The latest on Australia's Climate-Related Financial Disclosure legislation

Sumday Team
January 12, 2024
3 Minutes
Photo by Daniel Seßler

Hot off the press - the Australian Treasury has released the Climate-related financial disclosure: exposure draft legislation.

See the table below for when organisations will need to start disclosing emissions under the proposed regulations.

Source: Page 2 of Policy Position Statement, Australian Mandatory climate-related financial disclosures

Why are we bringing these new requirements in again?

The policy position statement says:

A rigorous, internationally aligned and credible climate disclosure regime will support Australia’s reputation as an attractive destination for international capital and help draw the investment required for the transition to net zero. It will bring Australia in line with other jurisdictions, including the EU, UK, New Zealand and Japan.

Translation: Organisations are required to disclose their emissions and any risks related to climate change. That naturally puts a greater emphasis on the reduction of emissions and the effective management of those risks. Climate change presents a threat to financial systems, if these risks are disclosed (in the [ac]crual world of the annual report), it allows regulators, capital markets, and corporations to better manage them.

See 1.6 - 1.18 for more context.

Key Takeaways:

  • What are we actually disclosing?

Information relating to governance, strategy, risk management and metrics and targets (including Scope 1, Scope 2 greenhouse gas emissions) will be required from the first year of reporting.

  • Scope 3 - undue cost and effort

Scope 3 will be required the second year (this will be established in the legislation). Interestingly, the policy statement notes “Scope 3 disclosures would represent information that is available at the reporting date without undue cost or effort.”

It doesn’t take much effort to simply ask suppliers and portfolio companies to provide their emissions data within the next 12 months and to provide support, education and software to help them get started. And what lowers the cost? Accountants making this part of usual rather than an enormously expensive consulting exercise for every company. That’s exactly what Sumday unlocks. Schedule a demo on reach out to learn more.

  • Where is the report going?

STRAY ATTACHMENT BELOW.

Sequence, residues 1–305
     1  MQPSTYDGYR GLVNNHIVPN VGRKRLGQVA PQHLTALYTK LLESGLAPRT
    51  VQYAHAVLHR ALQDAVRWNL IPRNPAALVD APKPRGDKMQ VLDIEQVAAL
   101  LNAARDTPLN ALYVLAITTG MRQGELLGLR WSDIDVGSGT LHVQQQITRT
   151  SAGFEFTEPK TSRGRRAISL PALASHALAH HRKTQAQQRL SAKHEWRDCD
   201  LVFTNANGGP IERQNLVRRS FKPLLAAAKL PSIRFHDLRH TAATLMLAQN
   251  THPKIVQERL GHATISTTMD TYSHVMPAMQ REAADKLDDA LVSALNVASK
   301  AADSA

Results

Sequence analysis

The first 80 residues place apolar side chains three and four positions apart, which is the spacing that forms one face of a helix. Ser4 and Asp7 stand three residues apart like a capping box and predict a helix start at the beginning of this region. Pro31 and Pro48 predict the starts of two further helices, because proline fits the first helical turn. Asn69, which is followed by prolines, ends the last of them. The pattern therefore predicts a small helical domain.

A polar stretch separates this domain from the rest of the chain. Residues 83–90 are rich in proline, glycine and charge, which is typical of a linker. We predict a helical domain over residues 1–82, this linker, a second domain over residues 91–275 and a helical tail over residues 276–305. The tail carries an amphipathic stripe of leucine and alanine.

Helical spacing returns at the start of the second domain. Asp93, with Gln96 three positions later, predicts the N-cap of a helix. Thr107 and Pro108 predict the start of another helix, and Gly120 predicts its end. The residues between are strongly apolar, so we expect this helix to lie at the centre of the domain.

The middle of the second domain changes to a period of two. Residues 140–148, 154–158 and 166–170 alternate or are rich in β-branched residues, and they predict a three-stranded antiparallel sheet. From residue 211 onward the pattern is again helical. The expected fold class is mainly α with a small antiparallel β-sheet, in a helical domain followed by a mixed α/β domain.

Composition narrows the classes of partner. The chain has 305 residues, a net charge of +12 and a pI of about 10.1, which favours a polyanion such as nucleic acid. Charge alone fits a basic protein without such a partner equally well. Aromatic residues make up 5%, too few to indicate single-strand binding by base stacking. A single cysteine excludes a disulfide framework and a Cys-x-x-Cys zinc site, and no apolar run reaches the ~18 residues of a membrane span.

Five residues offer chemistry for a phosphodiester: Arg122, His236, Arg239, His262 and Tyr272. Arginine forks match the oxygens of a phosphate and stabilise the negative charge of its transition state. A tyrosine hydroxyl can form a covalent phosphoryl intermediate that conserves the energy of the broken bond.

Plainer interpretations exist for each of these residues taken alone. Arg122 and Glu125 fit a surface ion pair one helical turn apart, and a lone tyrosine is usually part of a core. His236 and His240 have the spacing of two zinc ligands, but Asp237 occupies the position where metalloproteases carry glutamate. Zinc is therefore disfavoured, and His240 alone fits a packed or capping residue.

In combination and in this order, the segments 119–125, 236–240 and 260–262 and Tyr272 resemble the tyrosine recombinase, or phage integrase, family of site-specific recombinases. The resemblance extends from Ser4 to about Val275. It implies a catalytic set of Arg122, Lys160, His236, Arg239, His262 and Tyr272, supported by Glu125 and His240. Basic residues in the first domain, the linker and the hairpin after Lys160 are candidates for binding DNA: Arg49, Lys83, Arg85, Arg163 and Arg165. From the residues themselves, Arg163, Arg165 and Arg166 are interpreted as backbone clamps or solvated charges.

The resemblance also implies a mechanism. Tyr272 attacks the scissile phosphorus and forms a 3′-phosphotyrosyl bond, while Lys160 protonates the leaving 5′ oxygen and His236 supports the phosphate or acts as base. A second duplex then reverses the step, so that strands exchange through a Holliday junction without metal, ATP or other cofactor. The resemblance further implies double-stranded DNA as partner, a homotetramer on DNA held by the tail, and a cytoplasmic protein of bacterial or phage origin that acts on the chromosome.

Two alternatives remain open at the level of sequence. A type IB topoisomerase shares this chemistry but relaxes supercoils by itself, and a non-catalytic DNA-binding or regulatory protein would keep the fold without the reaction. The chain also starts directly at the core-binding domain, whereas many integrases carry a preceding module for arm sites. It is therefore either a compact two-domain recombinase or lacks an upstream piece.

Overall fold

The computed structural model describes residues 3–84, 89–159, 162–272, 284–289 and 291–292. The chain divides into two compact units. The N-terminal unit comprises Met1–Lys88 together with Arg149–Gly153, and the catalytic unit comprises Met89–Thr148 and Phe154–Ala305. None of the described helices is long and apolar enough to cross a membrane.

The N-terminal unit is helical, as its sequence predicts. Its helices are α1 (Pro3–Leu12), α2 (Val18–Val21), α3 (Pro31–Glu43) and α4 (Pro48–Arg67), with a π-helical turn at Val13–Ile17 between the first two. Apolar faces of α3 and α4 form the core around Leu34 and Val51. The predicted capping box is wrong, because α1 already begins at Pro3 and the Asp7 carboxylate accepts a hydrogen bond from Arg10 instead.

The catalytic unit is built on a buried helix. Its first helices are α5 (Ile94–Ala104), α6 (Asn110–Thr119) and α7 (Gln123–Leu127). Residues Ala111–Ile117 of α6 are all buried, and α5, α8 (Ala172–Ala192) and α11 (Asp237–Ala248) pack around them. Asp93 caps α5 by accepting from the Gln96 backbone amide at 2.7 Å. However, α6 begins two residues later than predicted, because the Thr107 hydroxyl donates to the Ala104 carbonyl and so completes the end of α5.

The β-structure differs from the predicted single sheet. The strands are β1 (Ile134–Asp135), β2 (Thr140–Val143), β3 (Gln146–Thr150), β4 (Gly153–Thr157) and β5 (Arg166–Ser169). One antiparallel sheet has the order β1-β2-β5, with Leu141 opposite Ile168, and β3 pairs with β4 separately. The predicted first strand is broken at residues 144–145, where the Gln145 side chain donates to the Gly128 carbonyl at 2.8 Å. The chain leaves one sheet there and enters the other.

Climate-related financial disclosures (this includes the GHG accounting) will sit within a sustainability report, which will form the fourth report required as part of annual financial reporting obligations and be contained in an entity’s annual report.

  • Assurance

Climate disclosures will be subject to similar assurance requirements to those currently in the Corporations Act for financial reports, and will require entities to obtain an assurance report from their financial auditors who will use technical climate and sustainability experts where required. These requirements will be set out in Australian assurance standards for climate disclosures. Assurance of Scope 1 and 2 emissions disclosures start from years commencing 1 July 2024 onwards.

See 1.72 - 1.105 for more.

Sumday is used by auditors to stay on top of these developments and understand the GHG Protocol requirements.

  • Liability - will we get sued over our less than perfect accounting and disclosures?

Climate disclosures will be subject to the existing liability framework under the Corporations Act and Australian Securities and Investments Commission Act 2001 (Cth) including director’s duties, misleading and deceptive conduct provisions, and general disclosure obligations.

But….you can only be sued by the regulator for reports issued between 1 July 2025 and 30 June 2028 and remedies are limited to injunctions and declarations.

See 1.115 - 1.122 for more.

🔥 Tip: Get your accountant involved with your GHG accounting. Why? It’s accounting, you’ll need assurance, it’s going in the annual report… let them save you (and the world).

Need help? Check out firms in the Sumday Directory ready to assist you with this.

Need a recap on previous consultations? Check out our blog The Australian government’s response to the ISSB - How might it impact Australian Enterprise businesses?